I am an advocate of the train, I have defended the system against unfair attacks of colleagues or people on stations when a train has been delayed, I have signed petitions for the duplication of the Cronulla track, for the improvement of Woolloware station, against the closure of the CountryLink office at Cronulla station and for the planned cyclist-track between Sutherland station and Cronulla station. And for my daughter I got a CityRail bib (they were for free, but that didn't make it less special for me).
You won't hear me complain in the public about the quality and cleanliness of the trains (which is pretty good), about the time-table (which is pretty good too) or about the lack of space for people in the rush hours after Sutherland station (I just have started my day an hour earlier and escaped the rush). All with all I am pretty happy about this.
Yesterday in the train on my way home to Cronulla, just before Central station, I got a call from my wife panicing about an accident with her car and about my daughter of 14 months who had fallen over at the Strathfield bus exchange. Not really knowing what the real damage was, but knowing that letting her drive home would alone could be a very dangerous thing, I decided to change my destination to Strathfield to see what needing to be done.
Having only a weekly ticket between Cronulla and Leonards Point (for some reason there are no weekly tickets for between Caringbah and North Sydney), I decided to do what I normally do: Go to the gate, talk to the CityRail man or lady in blue about the unexpected detour I had to make and buy a single ticket for the distance which needed to be covered. I don't make a fuzz about the fact that the ticket I had could have, monetary-wise, gotten me all the way from the other side of Parramatta to my work, I normally just buy the ticket and be over with it. After all, I like the system and want to be fair with regarding to the services offered. And in the last seven years this was never a problem: "You are willing to pay? There is the counter!".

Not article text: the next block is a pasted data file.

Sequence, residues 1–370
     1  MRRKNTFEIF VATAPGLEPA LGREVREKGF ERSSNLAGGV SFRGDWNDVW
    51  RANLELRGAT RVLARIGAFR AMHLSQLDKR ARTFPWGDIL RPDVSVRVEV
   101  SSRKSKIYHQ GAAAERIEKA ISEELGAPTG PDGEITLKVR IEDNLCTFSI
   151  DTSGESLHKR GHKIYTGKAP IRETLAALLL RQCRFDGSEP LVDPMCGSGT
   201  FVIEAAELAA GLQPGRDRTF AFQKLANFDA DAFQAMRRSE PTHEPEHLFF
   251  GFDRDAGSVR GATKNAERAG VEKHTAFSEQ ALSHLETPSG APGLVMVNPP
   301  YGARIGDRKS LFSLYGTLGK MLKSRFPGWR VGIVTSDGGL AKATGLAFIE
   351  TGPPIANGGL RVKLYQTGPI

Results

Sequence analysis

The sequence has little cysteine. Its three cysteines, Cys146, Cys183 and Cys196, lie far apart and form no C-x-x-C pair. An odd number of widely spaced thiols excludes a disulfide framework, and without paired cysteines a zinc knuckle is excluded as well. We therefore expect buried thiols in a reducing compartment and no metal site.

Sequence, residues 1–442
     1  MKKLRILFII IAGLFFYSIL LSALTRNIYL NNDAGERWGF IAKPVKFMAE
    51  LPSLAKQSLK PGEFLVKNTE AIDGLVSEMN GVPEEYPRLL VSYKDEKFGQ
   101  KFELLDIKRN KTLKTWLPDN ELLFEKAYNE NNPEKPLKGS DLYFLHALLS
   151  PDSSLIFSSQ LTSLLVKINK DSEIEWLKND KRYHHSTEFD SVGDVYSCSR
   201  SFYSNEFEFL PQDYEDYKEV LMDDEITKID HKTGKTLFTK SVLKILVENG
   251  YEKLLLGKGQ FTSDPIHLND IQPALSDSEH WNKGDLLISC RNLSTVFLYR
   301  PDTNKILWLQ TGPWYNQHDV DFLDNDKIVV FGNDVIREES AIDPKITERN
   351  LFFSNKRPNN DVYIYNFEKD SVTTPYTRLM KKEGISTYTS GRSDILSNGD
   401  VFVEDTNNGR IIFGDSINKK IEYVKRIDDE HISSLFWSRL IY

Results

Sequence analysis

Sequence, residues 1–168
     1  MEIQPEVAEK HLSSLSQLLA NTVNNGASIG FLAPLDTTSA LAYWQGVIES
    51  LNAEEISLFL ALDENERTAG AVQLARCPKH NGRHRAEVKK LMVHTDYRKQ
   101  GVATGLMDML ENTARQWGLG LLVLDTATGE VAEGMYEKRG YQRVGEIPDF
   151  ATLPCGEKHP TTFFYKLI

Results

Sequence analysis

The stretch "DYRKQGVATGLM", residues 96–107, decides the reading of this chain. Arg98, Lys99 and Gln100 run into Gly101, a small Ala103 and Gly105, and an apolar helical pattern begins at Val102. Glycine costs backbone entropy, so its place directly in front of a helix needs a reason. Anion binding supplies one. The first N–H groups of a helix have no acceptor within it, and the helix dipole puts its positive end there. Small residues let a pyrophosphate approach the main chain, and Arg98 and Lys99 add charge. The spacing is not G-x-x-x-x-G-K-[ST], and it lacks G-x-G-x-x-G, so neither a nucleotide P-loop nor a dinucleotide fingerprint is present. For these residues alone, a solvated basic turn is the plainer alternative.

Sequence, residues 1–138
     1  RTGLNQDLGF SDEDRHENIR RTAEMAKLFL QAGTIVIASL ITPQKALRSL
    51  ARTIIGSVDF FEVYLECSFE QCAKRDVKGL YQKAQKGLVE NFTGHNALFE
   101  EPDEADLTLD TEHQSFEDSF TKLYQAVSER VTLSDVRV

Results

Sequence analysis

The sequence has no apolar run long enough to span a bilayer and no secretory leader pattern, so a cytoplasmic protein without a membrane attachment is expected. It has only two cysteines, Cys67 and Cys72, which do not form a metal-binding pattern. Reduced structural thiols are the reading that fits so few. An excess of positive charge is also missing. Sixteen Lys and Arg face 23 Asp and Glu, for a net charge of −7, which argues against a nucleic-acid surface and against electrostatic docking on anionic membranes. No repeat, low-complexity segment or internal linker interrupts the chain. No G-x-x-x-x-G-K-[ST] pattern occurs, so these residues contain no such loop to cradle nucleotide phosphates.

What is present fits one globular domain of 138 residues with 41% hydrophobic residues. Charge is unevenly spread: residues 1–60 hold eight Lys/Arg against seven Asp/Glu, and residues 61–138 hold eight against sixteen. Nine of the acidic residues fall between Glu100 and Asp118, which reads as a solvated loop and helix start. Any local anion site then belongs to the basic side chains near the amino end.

Yesterday however, I found a brown shirted transit officer on my path. After seeing me having talked to the CityRail lady at the gate and on my way to the counter, he asked me for my ticket. I showed him my weekly ticket, explained to him about the unexpected detour, that I talked to the CityRail lady and that the counter was my next stop. He didn't believe me, or didn't want to believe me, didn't want to talk to the CityRail lady and insisted that I should have left the station at Redfern, should have bought a new ticket and should have entered the station again. He wouldn't change his mind and didn't want to talk to the CityRail lady.